WattFlyer RC Electric Flight Forums - Discuss radio control eflight

WattFlyer RC Electric Flight Forums - Discuss radio control eflight (http://www.Wattflyer.com/forums/index.php)
-   Beginners (http://www.Wattflyer.com/forums/forumdisplay.php?f=7)
-   -   Aileron and motor control only??? (http://www.Wattflyer.com/forums/showthread.php?t=74389)

SHD3920 08-29-2014 04:43 AM

Aileron and motor control only???
 


I have this Sterling Estes rubber powered 30" wingspan kit that I will be building as an electric.
Can this be built with ONLY ailerons, and no tail-feather controls?
The ailerons used for turning, and the motor speed for lifting?

JetPlaneFlyer 08-29-2014 09:41 AM

I'm sure it would be possible but a much better option IMHO on a plane like that would be rudder and elevator control. Rudder and elevator is what was used on some of the very early RC models. You can get timers for the motor, or use an ESC that allows low voltage cut-off to be up at around 3.5v.

fhhuber 08-29-2014 01:26 PM

Its possible...

You build in a slight up thrust so as power increases it tends to pull the nose up.

You'll also want to have significant "differential" aileron throw to prevent adverse yaw issues.

Normally when doing 2 ch for turn and power you would use rudder instead of aileron because of the adverse yaw potentially making it turn opposed to the direction commanded.

AEAJR 10-08-2014 05:28 AM

What are you going to do when the wind comes up? Power up, climb, get pushed back.

You want elevator control if you are going to fly in any kind of wind.

fhhuber 10-08-2014 05:46 AM

Years ago... there was a guy with a 2 ch rudder-throttle plane that could do quite the aerobatic routine. Loops, snap-rolls. cuban-8's and even brief knife edge.

Its all in how you set the model up.... and pilot skill.

Rockin Robbins 10-10-2014 11:08 PM

Also we think that ailerons turn the plane. That's wrong. If your plane is flying level the ailerons will bank the plane and it will dive. Only the application of elevator picks the nose up and the horizontal vector of that elevator is what actually turns the plane.

Even if you have positive decalage and add power to a plane without an elevator, it is still the positive decalage in the horizontal stabilizer that turns the plane, acting as an elevator.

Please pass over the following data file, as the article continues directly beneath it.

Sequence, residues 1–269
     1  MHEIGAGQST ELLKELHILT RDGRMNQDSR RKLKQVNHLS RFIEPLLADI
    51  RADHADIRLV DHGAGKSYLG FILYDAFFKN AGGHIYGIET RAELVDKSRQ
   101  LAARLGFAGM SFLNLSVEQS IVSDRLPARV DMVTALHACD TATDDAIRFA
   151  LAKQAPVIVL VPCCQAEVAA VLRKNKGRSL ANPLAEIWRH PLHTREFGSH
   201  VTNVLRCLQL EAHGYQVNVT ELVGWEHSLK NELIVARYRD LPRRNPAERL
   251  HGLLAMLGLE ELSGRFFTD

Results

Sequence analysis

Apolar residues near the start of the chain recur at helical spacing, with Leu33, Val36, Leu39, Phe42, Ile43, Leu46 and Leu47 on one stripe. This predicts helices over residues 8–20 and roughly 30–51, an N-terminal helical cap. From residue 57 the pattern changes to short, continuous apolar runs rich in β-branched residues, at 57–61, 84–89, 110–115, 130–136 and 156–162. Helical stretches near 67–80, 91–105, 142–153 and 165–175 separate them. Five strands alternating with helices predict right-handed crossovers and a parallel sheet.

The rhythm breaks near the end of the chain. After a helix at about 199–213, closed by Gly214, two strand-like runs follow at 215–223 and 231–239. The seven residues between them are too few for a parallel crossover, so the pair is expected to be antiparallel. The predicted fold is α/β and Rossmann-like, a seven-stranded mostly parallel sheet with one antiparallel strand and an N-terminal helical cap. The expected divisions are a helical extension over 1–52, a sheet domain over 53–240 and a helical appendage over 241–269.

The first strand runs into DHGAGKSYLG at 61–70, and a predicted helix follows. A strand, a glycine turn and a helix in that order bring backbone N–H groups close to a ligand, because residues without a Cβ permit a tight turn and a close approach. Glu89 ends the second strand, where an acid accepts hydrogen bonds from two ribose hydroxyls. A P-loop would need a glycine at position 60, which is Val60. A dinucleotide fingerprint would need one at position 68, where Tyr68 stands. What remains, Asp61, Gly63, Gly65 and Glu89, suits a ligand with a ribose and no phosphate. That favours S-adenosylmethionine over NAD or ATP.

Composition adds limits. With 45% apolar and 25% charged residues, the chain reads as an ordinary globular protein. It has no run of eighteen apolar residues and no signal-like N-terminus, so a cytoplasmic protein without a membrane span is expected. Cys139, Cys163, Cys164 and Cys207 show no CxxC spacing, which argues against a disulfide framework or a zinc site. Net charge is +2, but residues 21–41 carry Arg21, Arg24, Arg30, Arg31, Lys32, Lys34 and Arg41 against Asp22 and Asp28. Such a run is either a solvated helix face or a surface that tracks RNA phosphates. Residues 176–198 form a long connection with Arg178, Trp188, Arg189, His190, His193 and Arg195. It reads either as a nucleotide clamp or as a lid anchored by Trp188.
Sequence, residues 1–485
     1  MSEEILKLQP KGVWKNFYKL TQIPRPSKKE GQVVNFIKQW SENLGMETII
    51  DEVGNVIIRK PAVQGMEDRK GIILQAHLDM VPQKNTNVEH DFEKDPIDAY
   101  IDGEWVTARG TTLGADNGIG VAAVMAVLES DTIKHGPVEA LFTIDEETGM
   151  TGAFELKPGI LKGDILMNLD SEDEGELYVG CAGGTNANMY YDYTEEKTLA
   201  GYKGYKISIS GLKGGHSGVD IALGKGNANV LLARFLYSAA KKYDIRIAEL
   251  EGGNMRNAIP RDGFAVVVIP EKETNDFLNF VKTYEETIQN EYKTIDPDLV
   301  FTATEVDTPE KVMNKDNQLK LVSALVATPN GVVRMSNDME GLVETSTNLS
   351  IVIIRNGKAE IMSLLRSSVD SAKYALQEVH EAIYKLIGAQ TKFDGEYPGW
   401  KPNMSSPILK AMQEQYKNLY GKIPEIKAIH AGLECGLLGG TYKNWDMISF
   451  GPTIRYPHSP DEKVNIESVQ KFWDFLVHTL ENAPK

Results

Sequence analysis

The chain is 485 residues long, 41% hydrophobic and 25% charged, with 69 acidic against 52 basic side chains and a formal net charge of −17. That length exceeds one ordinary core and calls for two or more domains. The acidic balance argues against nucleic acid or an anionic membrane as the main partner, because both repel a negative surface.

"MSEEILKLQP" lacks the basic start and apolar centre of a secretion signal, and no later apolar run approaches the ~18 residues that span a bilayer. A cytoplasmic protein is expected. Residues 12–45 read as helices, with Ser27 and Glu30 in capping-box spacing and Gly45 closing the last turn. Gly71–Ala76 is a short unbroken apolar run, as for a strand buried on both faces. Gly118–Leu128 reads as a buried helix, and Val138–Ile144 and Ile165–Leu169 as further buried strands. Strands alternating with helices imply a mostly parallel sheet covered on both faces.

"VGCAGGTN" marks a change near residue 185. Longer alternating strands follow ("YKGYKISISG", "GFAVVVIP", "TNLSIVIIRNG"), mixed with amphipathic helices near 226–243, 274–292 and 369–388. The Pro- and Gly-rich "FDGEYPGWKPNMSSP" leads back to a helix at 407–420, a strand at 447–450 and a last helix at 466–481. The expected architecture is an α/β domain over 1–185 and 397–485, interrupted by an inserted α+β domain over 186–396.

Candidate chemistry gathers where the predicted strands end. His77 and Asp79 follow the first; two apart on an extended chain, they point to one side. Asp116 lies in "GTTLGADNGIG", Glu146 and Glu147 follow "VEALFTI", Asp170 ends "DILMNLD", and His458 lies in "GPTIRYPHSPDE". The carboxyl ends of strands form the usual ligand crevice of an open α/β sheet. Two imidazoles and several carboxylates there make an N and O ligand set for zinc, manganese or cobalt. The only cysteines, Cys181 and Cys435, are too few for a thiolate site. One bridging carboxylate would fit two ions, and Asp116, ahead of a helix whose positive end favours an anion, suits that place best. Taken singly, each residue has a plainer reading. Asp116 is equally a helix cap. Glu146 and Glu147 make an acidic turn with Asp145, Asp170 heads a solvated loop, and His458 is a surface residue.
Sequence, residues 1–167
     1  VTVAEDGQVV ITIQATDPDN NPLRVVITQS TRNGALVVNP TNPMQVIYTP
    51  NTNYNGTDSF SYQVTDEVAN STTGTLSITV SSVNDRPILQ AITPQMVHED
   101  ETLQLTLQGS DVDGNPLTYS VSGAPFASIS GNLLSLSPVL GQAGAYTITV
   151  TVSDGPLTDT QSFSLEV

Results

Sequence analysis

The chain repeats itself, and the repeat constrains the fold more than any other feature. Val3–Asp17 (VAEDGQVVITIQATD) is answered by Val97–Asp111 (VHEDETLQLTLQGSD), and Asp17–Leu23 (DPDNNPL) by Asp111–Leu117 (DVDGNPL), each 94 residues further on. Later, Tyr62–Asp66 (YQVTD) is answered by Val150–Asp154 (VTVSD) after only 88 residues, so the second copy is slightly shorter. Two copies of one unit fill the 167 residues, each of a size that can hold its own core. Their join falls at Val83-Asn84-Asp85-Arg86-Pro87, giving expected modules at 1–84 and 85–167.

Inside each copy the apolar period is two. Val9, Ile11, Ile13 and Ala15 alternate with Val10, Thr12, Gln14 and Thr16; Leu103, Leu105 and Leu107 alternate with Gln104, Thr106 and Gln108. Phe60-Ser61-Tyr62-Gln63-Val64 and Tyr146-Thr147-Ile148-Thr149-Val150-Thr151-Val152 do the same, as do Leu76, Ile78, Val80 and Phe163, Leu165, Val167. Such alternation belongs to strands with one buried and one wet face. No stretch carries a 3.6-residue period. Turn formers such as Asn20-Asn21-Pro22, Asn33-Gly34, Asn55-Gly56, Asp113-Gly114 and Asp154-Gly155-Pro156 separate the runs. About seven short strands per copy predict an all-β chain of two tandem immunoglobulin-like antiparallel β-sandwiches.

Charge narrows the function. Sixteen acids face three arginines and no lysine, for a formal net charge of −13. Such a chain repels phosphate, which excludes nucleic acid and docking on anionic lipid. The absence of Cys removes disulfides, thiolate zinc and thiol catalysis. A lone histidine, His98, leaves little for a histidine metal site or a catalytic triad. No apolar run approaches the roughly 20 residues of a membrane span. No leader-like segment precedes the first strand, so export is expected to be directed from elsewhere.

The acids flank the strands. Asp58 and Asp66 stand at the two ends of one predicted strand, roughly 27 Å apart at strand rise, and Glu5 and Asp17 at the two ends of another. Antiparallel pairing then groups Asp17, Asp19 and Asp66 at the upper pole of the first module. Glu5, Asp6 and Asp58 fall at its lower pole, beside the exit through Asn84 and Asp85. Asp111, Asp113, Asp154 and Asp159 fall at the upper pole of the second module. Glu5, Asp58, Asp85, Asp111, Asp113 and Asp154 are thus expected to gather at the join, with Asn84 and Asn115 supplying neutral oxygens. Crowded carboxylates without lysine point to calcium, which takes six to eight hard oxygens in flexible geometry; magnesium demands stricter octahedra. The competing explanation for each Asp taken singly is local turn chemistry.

So--all turns are bank and yank, ailerons or not! The exception is the indoor 3D planes without rudder/aileron coupling which can actually (due to their outlandishly outsized rudders) actually flat turn without even banking.

Abuelo 12-03-2014 02:18 AM

Quote:

Originally Posted by SHD3920 (Post 956103)

I have this Sterling Estes rubber powered 30" wingspan kit that I will be building as an electric.
Can this be built with ONLY ailerons, and no tail-feather controls?
The ailerons used for turning, and the motor speed for lifting?

If you are still interested in an aileron only control system, check out these plans from Outerzone. Will give you an idea on how others have done it. Note that these are designs from many years ago. If anyone is currently flying aileron only I haven't heard about it.

http://www.outerzone.co.uk/plan_details.asp?ID=1338 Tokyo Echo

http://www.outerzone.co.uk/plan_details.asp?ID=1720 Quest

http://www.outerzone.co.uk/plan_details.asp?ID=5769 X-Craft

solentlife 12-03-2014 06:30 AM

There are a number of 'Supermarket Toy' models that use motor for climb / descent ... but none that I know of use ailerons. Usually turn is done by them having twin motors and differential thrust.
I have a twin engine P38 ... its purely motor control for direction and pitch. Does it fly well ? No. Does it fly ? About 5 sec's !!

Nigel

kyleservicetech 12-03-2014 07:24 AM

Yeah
Ailerons provide roll to your airplane, and you pull on the elevator to make the turn.

Many years ago, our model transmitters only had one pushbutton to control your model. That pushbutton sent a signal to your receiver that actuated a relay to step an escapement. The escapement would give you neutral rudder, right rudder, neutral, left, neutral, right and so on. It was powered by a rubber band. When the rubber band ran out, you have a free flight model.

As indicated, these models were rudder only. The rudder was often slanted backwards so a rudder command also provided a little up elevator effect in the process.

As for acrobatics with this, we had a club member long ago that could do stuff with this pushbutton radio that a few of us would have difficulty doing with a full proportional radio. He actually put a tiny 049 glow powered model completely through the windshield of an old car parked in the area.

For what it's worth, I've still got one of those Controlaire push button transmitters and its receiver. It operates on 27 Mhz, and after some 60 years it still works.

AEAJR 12-03-2014 02:30 PM

The original post was from August. The OP has not posted in the thread since then so he has either lost interest or already resolved his question.


All times are GMT +1. The time now is 10:55 AM.

Powered by: vBulletin
Copyright ©2000 - 2014, Jelsoft Enterprises Ltd.
Copyright 2005 WattfFlyer.com
RCU Eflight HQ

Page generated in 0.08413 seconds with 13 queries